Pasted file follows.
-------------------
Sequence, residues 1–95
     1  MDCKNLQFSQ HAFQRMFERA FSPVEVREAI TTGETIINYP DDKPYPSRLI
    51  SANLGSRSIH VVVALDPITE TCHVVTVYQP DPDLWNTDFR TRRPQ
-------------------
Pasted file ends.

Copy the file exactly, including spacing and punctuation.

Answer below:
Sequence, residues 1–95
     1  MDCKNLQFSQ HAFQRMFERA FSPVEVREAI TTGETIINYP DDKPYPSRLI
    51  SANLGSRSIH VVVALDPITE TCHVVTVYQP DPDLWNTDFR TRRPQ